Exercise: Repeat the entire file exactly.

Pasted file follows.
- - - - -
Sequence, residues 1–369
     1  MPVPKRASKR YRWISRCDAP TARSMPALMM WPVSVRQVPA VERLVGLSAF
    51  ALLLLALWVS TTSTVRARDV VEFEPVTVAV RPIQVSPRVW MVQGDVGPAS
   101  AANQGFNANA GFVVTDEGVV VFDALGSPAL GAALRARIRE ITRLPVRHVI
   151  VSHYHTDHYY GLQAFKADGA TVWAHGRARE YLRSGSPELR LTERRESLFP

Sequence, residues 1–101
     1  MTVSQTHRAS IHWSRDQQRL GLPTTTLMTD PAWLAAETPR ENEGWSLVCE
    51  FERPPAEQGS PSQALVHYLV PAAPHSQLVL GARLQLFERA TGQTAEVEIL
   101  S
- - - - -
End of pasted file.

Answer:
Sequence, residues 1–369
     1  MPVPKRASKR YRWISRCDAP TARSMPALMM WPVSVRQVPA VERLVGLSAF
    51  ALLLLALWVS TTSTVRARDV VEFEPVTVAV RPIQVSPRVW MVQGDVGPAS
   101  AANQGFNANA GFVVTDEGVV VFDALGSPAL GAALRARIRE ITRLPVRHVI
   151  VSHYHTDHYY GLQAFKADGA TVWAHGRARE YLRSGSPELR LTERRESLFP

Sequence, residues 1–101
     1  MTVSQTHRAS IHWSRDQQRL GLPTTTLMTD PAWLAAETPR ENEGWSLVCE
    51  FERPPAEQGS PSQALVHYLV PAAPHSQLVL GARLQLFERA TGQTAEVEIL
   101  S